It seems almost indecent that someone should have the inspiration to write a book like Payment Deferred (1926) before Anthony Berkeley had conceived of his Francis Iles nom de plume and written Malice Aforethought (1931). And yet there’s something unformed about C.S. Forester’s tale of ill-gotten money, murder, and general moral decay that speaks to the callowness of the undertaking. Land sakes, don’t read this if you’re having a bad week — its unrelenting grimness and domestic horror would dent even the sunniest of dispositions — and avoid it, too, if you want a tight criminous plot with even a sniff of Iles-brand irony. This is dark stuff, unleavened at any stage.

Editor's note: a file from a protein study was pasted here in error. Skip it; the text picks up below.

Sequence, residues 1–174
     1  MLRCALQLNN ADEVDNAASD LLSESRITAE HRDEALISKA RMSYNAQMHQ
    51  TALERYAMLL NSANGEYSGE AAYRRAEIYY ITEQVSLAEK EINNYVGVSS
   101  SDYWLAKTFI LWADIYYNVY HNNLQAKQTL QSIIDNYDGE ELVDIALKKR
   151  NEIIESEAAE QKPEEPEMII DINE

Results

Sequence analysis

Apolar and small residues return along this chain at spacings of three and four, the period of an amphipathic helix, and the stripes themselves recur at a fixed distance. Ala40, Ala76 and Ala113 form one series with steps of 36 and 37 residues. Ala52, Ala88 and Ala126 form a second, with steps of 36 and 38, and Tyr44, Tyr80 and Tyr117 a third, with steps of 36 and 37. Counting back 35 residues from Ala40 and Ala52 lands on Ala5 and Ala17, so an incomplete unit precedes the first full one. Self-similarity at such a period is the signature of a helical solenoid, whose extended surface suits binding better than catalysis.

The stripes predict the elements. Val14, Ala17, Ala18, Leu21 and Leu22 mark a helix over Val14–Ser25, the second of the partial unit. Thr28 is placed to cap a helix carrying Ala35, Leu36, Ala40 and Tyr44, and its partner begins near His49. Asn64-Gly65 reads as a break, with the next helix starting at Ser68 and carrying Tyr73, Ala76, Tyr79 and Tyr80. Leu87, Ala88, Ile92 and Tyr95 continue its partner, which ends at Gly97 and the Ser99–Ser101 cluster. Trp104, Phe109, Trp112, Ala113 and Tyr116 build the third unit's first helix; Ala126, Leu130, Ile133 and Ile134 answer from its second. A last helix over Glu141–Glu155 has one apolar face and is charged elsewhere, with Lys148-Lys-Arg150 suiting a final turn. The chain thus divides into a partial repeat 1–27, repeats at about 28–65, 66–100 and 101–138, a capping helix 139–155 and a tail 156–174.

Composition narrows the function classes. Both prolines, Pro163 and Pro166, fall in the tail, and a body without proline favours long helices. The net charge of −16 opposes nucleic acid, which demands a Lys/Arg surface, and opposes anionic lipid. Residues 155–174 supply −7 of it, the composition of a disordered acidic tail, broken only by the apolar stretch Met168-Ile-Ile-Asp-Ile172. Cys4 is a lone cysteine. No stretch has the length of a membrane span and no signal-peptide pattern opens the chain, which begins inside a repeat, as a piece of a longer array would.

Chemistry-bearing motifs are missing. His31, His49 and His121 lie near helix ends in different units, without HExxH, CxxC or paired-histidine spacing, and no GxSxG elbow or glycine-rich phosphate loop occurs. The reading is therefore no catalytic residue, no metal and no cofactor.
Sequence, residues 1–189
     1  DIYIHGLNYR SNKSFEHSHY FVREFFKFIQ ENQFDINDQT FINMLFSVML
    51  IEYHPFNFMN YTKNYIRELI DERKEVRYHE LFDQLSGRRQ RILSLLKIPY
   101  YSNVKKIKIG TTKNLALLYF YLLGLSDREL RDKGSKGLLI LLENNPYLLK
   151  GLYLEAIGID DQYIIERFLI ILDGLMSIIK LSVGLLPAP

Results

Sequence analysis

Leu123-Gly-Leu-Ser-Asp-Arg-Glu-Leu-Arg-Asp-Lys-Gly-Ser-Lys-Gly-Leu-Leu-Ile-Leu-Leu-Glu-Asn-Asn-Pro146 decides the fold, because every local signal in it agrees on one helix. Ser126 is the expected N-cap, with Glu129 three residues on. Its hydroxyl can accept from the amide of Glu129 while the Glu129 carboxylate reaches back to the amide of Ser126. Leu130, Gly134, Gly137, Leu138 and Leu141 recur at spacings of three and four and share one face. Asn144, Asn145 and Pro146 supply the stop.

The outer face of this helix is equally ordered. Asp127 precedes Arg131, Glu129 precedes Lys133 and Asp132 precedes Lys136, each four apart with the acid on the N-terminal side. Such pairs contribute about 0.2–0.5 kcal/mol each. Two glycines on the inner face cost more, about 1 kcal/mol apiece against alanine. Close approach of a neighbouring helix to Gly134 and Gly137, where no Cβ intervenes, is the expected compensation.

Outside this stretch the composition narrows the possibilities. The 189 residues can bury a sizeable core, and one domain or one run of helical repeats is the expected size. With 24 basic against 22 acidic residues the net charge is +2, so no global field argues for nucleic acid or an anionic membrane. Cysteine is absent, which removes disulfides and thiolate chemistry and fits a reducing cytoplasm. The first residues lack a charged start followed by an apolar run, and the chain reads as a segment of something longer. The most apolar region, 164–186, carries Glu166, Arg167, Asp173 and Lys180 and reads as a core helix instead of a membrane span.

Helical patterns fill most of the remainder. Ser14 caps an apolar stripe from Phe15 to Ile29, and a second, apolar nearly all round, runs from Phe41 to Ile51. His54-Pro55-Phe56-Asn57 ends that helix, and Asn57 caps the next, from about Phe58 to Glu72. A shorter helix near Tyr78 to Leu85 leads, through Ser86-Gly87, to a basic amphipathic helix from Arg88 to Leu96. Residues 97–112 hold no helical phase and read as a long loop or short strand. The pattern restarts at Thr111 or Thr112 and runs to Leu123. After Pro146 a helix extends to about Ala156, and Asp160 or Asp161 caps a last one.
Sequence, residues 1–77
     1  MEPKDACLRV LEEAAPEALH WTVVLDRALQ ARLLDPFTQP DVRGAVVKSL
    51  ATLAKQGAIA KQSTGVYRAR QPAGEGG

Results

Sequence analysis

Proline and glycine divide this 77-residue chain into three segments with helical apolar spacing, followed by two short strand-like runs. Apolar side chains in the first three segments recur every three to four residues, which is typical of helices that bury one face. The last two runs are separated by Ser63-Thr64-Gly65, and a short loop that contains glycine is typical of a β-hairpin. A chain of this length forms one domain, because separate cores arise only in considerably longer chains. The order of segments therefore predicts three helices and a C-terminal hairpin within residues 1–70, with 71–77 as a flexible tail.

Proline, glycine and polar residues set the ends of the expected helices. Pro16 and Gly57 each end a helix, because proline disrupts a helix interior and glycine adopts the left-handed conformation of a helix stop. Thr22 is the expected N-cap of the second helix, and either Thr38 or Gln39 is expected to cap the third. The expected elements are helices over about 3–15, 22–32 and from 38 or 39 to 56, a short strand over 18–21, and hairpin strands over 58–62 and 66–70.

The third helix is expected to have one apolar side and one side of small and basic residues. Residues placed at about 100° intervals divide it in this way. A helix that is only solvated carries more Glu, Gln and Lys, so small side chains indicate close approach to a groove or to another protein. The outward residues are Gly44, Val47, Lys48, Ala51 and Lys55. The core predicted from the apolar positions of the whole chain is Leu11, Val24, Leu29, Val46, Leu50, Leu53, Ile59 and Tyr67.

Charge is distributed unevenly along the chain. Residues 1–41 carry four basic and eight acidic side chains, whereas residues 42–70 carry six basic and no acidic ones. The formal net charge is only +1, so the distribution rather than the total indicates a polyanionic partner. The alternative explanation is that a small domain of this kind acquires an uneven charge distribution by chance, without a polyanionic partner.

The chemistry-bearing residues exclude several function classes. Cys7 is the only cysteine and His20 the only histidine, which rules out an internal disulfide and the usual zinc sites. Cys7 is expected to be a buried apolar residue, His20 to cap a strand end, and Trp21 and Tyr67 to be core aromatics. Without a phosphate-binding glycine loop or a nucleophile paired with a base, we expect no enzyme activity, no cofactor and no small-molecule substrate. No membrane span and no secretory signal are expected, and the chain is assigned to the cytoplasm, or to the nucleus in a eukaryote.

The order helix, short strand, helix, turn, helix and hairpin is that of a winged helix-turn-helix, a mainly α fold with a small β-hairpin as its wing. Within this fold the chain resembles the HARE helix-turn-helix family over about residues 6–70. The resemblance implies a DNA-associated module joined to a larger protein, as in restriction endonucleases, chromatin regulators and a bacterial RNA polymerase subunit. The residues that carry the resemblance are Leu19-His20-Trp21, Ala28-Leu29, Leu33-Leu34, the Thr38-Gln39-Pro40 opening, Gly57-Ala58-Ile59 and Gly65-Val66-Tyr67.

To some extent, a reader’s response to a book has to take into account how successfully the author achieved the aim of writing the type of book they intended, and then consider the matter of that individual reader’s enjoyment separately. In this regard, Forester setting out to write a miserable book about a miserable man who makes everyone in his life miserable, lives miserably, and then meets a miserable end amidst much misery is a rollicking success. By the same notion, a book written with the intent of simply allowing a hedgehog to walk over the keyboard and then publishing the results can be a success, but it wouldn’t make it a good book (though the Guardian would probably love it — snort, chortle), so for all Forester’s success this isn’t a book I can recommend on any basis whatsoever. In all my life, I don’t think I’ve read anything even close to this repellent, nor have I rue’d the experience of reading a book to this extent. Hell, at least the other books I’ve given a single star to on this blog were amusingly bad. This is just unremitting awfulness from first to last (probably, I quit with 50 pages to go).